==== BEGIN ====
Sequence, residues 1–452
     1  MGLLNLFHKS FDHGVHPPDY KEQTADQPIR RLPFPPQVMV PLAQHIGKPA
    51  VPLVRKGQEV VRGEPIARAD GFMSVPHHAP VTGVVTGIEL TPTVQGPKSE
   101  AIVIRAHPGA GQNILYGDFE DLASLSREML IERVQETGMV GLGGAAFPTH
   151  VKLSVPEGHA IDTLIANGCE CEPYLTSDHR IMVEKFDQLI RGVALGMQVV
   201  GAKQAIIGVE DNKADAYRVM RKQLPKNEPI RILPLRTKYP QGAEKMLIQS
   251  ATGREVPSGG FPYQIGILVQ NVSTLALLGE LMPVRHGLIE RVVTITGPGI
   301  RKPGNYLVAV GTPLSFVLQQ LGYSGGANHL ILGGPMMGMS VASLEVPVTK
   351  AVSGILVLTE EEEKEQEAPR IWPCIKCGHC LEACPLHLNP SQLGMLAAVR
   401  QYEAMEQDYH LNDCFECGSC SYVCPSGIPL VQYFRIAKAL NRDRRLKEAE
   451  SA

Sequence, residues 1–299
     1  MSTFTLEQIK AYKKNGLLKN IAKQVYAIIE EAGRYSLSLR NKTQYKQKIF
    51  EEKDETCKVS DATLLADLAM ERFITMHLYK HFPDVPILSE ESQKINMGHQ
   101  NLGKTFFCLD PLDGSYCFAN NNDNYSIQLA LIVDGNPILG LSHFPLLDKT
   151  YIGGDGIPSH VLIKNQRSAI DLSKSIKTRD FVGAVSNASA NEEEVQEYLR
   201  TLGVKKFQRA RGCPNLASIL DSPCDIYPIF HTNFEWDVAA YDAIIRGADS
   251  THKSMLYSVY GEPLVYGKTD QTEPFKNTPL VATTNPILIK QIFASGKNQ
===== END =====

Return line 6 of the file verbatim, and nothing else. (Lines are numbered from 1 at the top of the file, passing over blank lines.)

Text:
   201  GAKQAIIGVE DNKADAYRVM RKQLPKNEPI RILPLRTKYP QGAEKMLIQS